Monday 5 May 2014

3 Poems by Jeanie Greensfelder

Hypnos, God of Sleep

He creeps into my bed,
envelops me,
erases my worries,
and together
we dream.

But on those nights
when he doesn’t show,
and I know he’s out
sleeping with others,
I wait and watch and
add him to my worries.

He ruins my nights,
disturbs my days,
and he never listens.

My counselor says,
You’re stuck with him.
Calm him with chamomile,
soothe him with love talk.

That night he watches
as I brew his tea,
bathe, dab lavender,
turn on Brahms,
and get into bed early,
hoping he’s pleased,
hoping he stays the night.

The Homestead
            …a farm that is no more a farm.
                                    “Directive”--Robert Frost

Growing up on a Kentucky farm,
she fed the pigs and chickens,
picked beans and strawberries,
lugged water from the well,
carried wood for weekly baths,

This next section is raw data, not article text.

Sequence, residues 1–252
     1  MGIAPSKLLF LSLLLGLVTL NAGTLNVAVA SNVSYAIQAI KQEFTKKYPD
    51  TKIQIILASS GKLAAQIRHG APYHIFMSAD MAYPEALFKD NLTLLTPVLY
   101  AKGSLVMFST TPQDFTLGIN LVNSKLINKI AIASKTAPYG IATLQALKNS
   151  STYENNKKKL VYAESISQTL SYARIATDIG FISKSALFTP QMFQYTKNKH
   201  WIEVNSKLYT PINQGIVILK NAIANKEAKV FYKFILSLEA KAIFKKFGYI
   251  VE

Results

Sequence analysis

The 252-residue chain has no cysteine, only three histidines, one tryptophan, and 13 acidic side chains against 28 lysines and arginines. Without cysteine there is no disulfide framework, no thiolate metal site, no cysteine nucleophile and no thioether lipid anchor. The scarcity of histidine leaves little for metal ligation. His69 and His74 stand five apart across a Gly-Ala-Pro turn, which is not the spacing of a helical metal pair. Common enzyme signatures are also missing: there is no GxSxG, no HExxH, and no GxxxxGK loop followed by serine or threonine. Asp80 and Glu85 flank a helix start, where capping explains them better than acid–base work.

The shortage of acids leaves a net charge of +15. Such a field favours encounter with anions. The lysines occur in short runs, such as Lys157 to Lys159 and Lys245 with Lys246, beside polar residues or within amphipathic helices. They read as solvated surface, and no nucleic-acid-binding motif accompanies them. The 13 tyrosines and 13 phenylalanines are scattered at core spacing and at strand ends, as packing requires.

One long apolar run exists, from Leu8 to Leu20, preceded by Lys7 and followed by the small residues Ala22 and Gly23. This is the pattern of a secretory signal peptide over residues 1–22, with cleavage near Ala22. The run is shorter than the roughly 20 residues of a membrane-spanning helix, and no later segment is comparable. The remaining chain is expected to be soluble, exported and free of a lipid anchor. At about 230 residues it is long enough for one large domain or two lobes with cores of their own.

shivered in the cold outhouse,
and when she was old enough,
she left and never looked back,

except that one trip, cross-country,
when she tried to find
the town that was no more a town,
the farm that was no more a farm,
and stood there in a field looking
like she’d lost the Grail goblet,
and wanted to sip once more,
to find the sweet in the bitter.

Me and My Shadow

Sun low in the sky,
I walk my shadow, watch
the long black of me
stretch tall across the road.

A car drives past
and my shadow lifts,
flows over hood, roof, and trunk
to lie back down on the pavement.

Ah, to have my shadow’s skill
not to get run over by life—
to flow over obstacles
and keep on walking.


Jeanie Greensfelder's poetry memoir, Biting the Apple, Penciled In, 2012. evokes Joseph Campbell's "sorrowful joys and joyful sorrows." Her poems have been published in Askew, Orbis, Echoes, Grand, Kaleidoscope, Porter Gulch Review, Poetic Medicine Journal, Riptide, If and When, and Vine Leaves. Her poems can be seen monthly at

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